Design, Fabrication, and Testing of a 30 kWt Screen-Wick Heat-Pipe Solar Receiver 929176
Heat-Pipe reflux receivers have been identified as a desirable interface to couple a Stirling engine with a parabolic dish solar concentrator. The reflux receiver provides power uniformly and nearly isothermally to the engine heater heads while de-coupling the heater head design from the solar absorber surface design. Therefore, the heat pipe reflux receiver allows the receiver and heater head to be independently thermally optimized, leading to high receiver thermal transport efficiency.
Dynatherm Corporation designed and fabricated a screen-wick heat-pipe receiver for possible application to the Cummins Power Generation, Inc. first-generation 4kWe free-piston dish-Stirling system, which required up to 30 kWt. The receiver features a composite absorber wick and a homogeneous sponge-wick on the aft dome to provide sodium to the absorber during hot restarts. The screen wick is attached to the absorber dome by spot welds. Refluxing troughs collect the condensate in a cylindrical condenser and return it directly to the absorber surface. The receiver was fabricated and lamp tested to 16 kWt throughput by Dynatherm.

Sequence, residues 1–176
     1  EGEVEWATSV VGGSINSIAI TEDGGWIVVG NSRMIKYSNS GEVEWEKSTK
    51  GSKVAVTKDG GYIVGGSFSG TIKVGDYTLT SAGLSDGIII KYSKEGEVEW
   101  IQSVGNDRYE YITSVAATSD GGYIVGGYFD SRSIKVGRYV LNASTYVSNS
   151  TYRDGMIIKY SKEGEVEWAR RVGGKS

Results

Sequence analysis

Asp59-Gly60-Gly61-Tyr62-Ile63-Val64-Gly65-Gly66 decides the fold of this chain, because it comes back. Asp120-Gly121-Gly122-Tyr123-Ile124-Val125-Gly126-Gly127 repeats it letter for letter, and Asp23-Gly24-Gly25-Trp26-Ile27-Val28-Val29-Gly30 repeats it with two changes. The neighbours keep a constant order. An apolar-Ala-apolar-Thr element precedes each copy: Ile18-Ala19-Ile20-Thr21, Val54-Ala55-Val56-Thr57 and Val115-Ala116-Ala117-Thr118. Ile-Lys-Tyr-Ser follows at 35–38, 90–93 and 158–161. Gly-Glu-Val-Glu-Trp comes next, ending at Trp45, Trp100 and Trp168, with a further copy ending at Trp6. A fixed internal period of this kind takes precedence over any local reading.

The receiver has been tested on Sandia's 60 kWt solar furnace to a throughput power of 27.5 kWt and vapor space temperature up to 780°C. Infrared thermography was used to monitor the entire absorber dome for impending dryout while the receiver was tested. The receiver was started using solar input, without the assistance of electrical pre-heaters. The power was extracted with a gas-gap cold-water calorimeter to simulate the operation of a Stirling engine.
The receiver design, thermal performance analysis, flux distribution analysis, test results, and post-test analysis are presented.